How might you react if you noticed a cat hanging out on your deck, almost opened the door and let it in–and suddenly discovered this unexpected visitor was a bobcat?
My husband told me this adventure after hearing it from his fishing buddy, Nancy, last weekend at the annual Otter Lake Ice Fishing Derby.
He then wrote up the following story for the L’Anse Sentinel, our local weekly newspaper, where he’s editor.
I begged for the story, knowing you readers would also enjoy it.
Without further ado, here’s the bobcat story. Thanks, Barry. You’re a good sport to share.
Helen and Jim Lepola of Watton thought they had a stray or lost house cat hanging out on their deck last week. They spread the word in the neighborhood but nobody seemed to be missing their kitty.
Mail-lady and next door neighbor Nancy Besonen stopped to deliver a package, and in neighborly fashion, was invited in for coffee.
“I looked at it, and the cat had kind of pointy ears. . .you know where this is going, don’t you?” Besonen explained. “Then it turned around and I saw it from the back. It had half a tail!”
Yes, it appears that the friendly feline on Lepola’s deck with the hankering for bird food suet is a bobcat.
“We had a cat that looked identical to it, only a little smaller,” Helen explained. “This one wanted to come in the house. I don’t know what we would have done with a bobcat in the house!”
When they thought “Stripey” was a local house cat the Lepolas put out a borrowed cat carrier and placed a towel in it. The bobcat has dragged the towel off under a nearby building where it sleeps.
“He was still here tonight,” Helen explained Monday night, Jan. 13, 2014. “He sat on the railing this afternoon.”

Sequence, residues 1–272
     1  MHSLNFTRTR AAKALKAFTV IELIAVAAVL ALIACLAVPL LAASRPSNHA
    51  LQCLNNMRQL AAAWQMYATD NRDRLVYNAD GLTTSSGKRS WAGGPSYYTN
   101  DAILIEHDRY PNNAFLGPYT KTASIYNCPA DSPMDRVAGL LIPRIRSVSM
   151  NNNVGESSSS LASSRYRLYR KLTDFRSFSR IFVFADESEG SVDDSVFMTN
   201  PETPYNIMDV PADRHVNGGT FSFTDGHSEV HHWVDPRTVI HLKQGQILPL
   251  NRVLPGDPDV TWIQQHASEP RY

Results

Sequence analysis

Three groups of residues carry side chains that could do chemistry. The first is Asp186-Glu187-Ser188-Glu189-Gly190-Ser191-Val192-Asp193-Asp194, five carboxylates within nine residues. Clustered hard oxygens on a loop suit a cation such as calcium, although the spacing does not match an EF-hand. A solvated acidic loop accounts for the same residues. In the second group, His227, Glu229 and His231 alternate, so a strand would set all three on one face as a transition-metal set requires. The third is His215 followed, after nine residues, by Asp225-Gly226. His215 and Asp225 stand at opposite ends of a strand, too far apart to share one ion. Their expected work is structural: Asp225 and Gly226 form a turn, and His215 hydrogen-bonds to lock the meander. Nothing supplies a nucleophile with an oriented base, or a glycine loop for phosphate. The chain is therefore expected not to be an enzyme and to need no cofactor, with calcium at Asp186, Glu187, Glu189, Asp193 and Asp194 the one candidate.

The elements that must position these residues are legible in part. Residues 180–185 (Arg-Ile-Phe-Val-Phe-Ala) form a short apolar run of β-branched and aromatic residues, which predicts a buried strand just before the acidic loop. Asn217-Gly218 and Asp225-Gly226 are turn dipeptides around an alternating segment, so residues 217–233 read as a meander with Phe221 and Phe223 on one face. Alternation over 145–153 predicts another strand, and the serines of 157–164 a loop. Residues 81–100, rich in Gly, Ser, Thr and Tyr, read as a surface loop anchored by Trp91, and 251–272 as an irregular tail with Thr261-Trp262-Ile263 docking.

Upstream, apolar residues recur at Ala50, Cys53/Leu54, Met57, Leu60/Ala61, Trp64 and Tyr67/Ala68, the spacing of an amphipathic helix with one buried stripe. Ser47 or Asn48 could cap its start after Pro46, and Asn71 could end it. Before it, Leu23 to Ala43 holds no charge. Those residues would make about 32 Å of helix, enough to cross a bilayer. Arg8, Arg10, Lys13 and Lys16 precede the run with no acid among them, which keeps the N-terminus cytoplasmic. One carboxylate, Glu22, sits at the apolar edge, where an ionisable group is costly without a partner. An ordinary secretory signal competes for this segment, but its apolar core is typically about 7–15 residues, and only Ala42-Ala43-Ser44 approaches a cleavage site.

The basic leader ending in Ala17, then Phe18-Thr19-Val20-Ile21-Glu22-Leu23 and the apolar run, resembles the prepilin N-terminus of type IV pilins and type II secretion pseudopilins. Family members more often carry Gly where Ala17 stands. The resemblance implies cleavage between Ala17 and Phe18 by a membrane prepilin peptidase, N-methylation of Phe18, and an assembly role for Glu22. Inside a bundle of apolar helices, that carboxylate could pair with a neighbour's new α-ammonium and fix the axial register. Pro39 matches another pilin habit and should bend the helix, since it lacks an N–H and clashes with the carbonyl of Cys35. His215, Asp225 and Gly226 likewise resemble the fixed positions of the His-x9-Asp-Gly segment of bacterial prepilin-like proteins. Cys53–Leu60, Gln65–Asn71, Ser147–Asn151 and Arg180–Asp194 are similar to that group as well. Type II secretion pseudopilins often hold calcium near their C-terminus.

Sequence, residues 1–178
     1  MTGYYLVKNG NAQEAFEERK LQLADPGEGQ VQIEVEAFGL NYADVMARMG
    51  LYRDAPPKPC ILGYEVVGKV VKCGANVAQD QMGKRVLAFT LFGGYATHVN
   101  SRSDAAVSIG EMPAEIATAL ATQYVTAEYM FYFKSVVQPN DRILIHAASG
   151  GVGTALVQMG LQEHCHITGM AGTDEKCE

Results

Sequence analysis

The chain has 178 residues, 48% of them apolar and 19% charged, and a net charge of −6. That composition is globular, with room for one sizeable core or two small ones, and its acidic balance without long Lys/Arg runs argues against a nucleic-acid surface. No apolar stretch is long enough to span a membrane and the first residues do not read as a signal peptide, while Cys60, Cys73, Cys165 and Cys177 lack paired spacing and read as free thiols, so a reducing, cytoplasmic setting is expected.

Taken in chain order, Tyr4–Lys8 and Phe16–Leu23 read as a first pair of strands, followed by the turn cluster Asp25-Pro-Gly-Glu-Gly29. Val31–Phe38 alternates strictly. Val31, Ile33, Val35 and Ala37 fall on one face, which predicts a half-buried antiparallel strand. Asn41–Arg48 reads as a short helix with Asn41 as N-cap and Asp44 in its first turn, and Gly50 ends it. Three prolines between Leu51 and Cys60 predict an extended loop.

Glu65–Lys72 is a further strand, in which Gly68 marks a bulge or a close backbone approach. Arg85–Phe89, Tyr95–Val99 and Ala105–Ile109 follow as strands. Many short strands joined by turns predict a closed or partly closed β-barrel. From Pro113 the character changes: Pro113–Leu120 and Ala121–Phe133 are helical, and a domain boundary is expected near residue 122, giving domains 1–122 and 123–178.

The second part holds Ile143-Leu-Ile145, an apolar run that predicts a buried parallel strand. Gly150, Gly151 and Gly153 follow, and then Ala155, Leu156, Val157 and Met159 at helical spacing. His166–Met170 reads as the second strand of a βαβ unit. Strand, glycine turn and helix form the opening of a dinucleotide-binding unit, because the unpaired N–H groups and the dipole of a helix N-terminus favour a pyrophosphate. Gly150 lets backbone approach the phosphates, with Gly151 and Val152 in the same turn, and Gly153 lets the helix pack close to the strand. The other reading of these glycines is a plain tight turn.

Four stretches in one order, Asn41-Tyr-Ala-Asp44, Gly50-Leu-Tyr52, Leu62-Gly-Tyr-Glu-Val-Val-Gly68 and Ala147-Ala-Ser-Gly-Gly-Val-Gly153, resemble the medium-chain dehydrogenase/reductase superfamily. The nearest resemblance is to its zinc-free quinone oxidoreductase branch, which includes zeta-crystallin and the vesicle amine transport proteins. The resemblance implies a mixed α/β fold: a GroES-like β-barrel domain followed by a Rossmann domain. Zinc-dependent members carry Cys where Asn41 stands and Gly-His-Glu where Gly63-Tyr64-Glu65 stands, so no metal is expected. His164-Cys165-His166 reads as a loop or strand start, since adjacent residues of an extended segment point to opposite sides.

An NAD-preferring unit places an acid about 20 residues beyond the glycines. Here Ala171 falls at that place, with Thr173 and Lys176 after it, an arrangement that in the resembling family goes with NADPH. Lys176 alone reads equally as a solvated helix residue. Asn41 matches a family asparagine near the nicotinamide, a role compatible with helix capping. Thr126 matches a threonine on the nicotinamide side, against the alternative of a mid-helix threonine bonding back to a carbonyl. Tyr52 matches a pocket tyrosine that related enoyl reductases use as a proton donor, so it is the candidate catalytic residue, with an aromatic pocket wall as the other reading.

The Lepolas called the Michigan DNR. They were told the DNR could live-trap the cat but could only release it on the Lepola’s property. They are now working with the Keweenaw Bay Indian Community Natural Resources Department. KBNRD has told them it could live-trap the curious cat and release it elsewhere.
“I don’t know if he has some problem and has lost his wildness,” Helen Lepola said. “It’s kind of strange to have a bobcat so close. He looks in the window.”
The unusual visitor is garnering international attention.
“Nancy took pictures and I even sent one to Finland. . .they’ve already responded!” Helen noted.
Kathy’s Post Script: Some of you commenters are already wondering if the bobcat might be someone’s house pet. This is a possibility, but unlikely. Bobcats, in the wild, are shy creatures and generally avoid humans. Here is an article which discusses the question What are the dangers of bobcats to humans?
As for the dangers of humans to bobcats, I’m sure there are many…
I’ve only seen two bobcats in the past 35 years of living in the Upper Peninsula. Both ran in front of the car in the twilight.